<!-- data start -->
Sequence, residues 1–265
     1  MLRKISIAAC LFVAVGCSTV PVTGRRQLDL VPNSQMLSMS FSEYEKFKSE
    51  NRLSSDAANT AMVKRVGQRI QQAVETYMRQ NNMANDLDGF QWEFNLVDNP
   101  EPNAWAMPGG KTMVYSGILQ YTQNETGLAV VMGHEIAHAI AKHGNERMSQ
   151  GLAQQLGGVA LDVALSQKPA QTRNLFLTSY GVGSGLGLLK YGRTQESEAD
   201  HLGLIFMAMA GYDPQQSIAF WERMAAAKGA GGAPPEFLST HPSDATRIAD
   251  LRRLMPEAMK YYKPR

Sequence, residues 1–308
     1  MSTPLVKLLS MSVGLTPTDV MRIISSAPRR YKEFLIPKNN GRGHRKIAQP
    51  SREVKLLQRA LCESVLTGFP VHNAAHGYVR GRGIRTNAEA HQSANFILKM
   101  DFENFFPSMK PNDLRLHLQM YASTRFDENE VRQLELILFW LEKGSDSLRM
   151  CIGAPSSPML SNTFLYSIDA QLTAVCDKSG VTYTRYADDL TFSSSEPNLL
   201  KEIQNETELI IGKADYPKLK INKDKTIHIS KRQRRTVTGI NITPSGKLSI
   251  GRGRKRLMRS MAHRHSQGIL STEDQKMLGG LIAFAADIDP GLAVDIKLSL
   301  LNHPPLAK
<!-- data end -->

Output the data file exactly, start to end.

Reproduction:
Sequence, residues 1–265
     1  MLRKISIAAC LFVAVGCSTV PVTGRRQLDL VPNSQMLSMS FSEYEKFKSE
    51  NRLSSDAANT AMVKRVGQRI QQAVETYMRQ NNMANDLDGF QWEFNLVDNP
   101  EPNAWAMPGG KTMVYSGILQ YTQNETGLAV VMGHEIAHAI AKHGNERMSQ
   151  GLAQQLGGVA LDVALSQKPA QTRNLFLTSY GVGSGLGLLK YGRTQESEAD
   201  HLGLIFMAMA GYDPQQSIAF WERMAAAKGA GGAPPEFLST HPSDATRIAD
   251  LRRLMPEAMK YYKPR

Sequence, residues 1–308
     1  MSTPLVKLLS MSVGLTPTDV MRIISSAPRR YKEFLIPKNN GRGHRKIAQP
    51  SREVKLLQRA LCESVLTGFP VHNAAHGYVR GRGIRTNAEA HQSANFILKM
   101  DFENFFPSMK PNDLRLHLQM YASTRFDENE VRQLELILFW LEKGSDSLRM
   151  CIGAPSSPML SNTFLYSIDA QLTAVCDKSG VTYTRYADDL TFSSSEPNLL
   201  KEIQNETELI IGKADYPKLK INKDKTIHIS KRQRRTVTGI NITPSGKLSI
   251  GRGRKRLMRS MAHRHSQGIL STEDQKMLGG LIAFAADIDP GLAVDIKLSL
   301  LNHPPLAK